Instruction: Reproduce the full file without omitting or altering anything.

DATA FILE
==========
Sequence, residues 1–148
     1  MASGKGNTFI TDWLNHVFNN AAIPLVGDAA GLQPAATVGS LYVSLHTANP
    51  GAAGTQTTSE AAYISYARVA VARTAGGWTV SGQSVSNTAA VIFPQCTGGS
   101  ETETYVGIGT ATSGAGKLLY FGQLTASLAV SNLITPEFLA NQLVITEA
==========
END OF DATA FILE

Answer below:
Sequence, residues 1–148
     1  MASGKGNTFI TDWLNHVFNN AAIPLVGDAA GLQPAATVGS LYVSLHTANP
    51  GAAGTQTTSE AAYISYARVA VARTAGGWTV SGQSVSNTAA VIFPQCTGGS
   101  ETETYVGIGT ATSGAGKLLY FGQLTASLAV SNLITPEFLA NQLVITEA